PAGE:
David Bloor: Born June 28th,1942- Present Day

  • Background

    David Bloor born in Derby is a British sociologist, professor and former director of science studies at the university of Edinburgh. Prior to that, he had studied philosophy and psychology at Keele University and Cambridge University. He is best known for advocating the strong programme in the sociology of scientific knowledge, most notably in his book Knowledge and Social Imagery.
  • 1970s

    In the 1970s he and Barry Barnes were the major figures of the strong programme, which put forward queries against philosophical a priorism in the understanding of scientific knowledge. In 1972 he was awarded a PhD by the University of Edinburgh for his thesis "Speech and the regulation of behaviour." https://www.youtube.com/watch?v=wP7w7Un4zaE
  • Knowledge and Social Imagery

    Published in 1976 It is a work in the field of sociology of science, which explores the social and cultural factors that shape scientific knowledge. In “Knowledge and Social Imagery,” Bloor argues that scientific knowledge is not objective or neutral but is shaped by social and cultural factors.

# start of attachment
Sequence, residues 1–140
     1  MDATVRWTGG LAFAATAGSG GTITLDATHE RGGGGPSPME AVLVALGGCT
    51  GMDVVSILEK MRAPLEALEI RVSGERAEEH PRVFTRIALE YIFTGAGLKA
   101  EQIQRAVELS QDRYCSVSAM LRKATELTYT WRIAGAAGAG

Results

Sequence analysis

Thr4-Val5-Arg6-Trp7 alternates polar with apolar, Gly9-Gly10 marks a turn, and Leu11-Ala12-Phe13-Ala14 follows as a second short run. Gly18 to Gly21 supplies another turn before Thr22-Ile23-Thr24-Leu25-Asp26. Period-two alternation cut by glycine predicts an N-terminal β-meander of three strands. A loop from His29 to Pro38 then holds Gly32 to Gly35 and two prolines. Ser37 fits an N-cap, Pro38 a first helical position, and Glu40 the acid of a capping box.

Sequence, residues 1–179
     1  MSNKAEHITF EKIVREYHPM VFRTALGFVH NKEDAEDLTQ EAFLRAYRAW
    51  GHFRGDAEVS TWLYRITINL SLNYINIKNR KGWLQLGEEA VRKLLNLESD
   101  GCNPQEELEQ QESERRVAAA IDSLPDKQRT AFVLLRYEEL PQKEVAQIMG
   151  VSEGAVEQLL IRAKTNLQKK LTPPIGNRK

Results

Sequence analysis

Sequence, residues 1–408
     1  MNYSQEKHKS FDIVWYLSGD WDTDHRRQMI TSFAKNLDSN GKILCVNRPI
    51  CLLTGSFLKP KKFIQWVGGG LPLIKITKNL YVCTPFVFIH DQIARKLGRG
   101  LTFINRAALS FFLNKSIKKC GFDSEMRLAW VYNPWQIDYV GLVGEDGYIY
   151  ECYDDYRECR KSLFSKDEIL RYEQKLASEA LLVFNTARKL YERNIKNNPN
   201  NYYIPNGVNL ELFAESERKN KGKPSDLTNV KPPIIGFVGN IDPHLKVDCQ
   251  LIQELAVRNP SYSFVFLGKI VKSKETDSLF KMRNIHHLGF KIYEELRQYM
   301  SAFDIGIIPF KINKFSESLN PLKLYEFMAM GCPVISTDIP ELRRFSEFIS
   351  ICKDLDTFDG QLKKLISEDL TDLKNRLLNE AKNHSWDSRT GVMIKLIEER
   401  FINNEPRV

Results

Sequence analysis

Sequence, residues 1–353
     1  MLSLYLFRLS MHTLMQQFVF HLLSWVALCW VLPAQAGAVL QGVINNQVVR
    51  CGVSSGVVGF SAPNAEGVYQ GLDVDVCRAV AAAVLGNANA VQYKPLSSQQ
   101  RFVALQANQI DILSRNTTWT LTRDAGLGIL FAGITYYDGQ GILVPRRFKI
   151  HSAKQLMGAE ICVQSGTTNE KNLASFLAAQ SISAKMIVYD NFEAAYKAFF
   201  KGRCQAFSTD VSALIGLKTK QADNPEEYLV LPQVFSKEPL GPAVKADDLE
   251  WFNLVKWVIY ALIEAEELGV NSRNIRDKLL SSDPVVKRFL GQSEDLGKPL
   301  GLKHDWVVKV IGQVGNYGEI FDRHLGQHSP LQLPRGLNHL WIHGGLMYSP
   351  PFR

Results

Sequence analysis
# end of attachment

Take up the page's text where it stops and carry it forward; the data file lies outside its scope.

• the Strong Programme

    A variety of the sociology of scientific knowledge (SSK) particularly associated with David Bloor,[1] Barry Barnes, Harry Collins, Donald A. Mackenzie, and John Henry. The strong programme's influence on science and technology studies is credited as being unparalleled (Latour 1999). It is a reaction against "weak" sociologies of science, which restricted the application of sociology to "failed" or "false" theories, such as phrenology.
  • Wittgenstein

    This is another work of Bloor's it presents a systematic exposition of Wittgenstein's later philosophical work, capitalizing its strong sociological and naturalist thrust. In his later writings, Wittgenstein was consistent in stressing the priority of society over the individual and regarding individual actions and beliefs as natural phenomena.
  • John Desmond Bernal Prize

    The Prestigeous award is given annually by the Society for Social Studies of Science to scholars. Judged to have made a distinguished contribution to the interdisciplinary field of Science and Technology Studies (STS). He was awarded the John Desmond Bernal Prize in 1996 in recognition of his distinguished contribution to the field. To this day he is still a professor at his respective university and continues to impact the next generation of great minds.